Call for Papers – Irish Revolution 1912-1923 as Viewed from Outside

International Interdisciplinary Postgraduate Symposium to be held at University College Cork, June 13-14, 2014.

A two day symposium jointly hosted by the School of History and the School of Languages, Literatures and Cultures, University College Cork, 13-14 June 2014.

The period from 1912 to 1923 saw many important events in Ireland. Beginning with the signing of the Ulster Covenant in 1912 by almost half a million men and women and ending with the establishment of the Irish Free State in 1922 and the ensuing Civil War, these events were crucial in shaping the political, cultural and social landscape on the island of Ireland over subsequent years.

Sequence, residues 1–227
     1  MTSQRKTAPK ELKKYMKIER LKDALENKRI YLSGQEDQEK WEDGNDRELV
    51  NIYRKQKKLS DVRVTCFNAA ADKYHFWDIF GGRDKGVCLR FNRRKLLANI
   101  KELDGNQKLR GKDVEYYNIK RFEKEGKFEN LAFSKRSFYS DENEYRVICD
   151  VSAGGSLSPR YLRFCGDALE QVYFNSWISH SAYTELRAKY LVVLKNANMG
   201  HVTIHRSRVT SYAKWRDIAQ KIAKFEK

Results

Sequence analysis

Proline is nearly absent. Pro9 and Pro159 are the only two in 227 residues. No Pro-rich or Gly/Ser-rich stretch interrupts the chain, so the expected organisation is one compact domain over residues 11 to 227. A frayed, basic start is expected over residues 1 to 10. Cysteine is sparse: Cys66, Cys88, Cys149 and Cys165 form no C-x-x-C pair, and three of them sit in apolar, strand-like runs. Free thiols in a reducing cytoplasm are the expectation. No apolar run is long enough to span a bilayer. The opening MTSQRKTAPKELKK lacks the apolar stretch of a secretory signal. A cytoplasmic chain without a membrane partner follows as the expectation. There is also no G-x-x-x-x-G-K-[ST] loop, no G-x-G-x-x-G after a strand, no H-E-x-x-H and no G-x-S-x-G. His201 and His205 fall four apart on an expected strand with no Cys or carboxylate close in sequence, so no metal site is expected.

What was happening in Ireland during this period was of great interest abroad, not least because Ireland was seen as a possible model for other countries, such as India, Egypt and Flanders, that were seeking independence. Outside observers were also keenly interested in the toll that the events of the period exacted on the civilian population.

AIMS – This postgraduate symposium, directed at Masters and PhD students, will look at how events such as The Home Rule Crisis, 1912-1914; the Dublin Lockout, 1913; the First World War, 1914-1918; the Easter Rising, 1916; the Conscription Crisis, 1918; the “Khaki” general election, 1918; the First Dáil (Parliament), 1919; the War of Independence, 1919-1921; the Irish Free State, 1922 and the Civil War, 1922-1923 were viewed from outside Ireland. The symposium seeks to explore reactions to these events through the mediums of media, journalism, art, photography, literature (not limited to these groups).

Abstracts of 300 words (maximum) should be sent to 

For more information see:

Symposium Organisers: Oliver O’Hanlon and Dr Jérôme aan de Wiel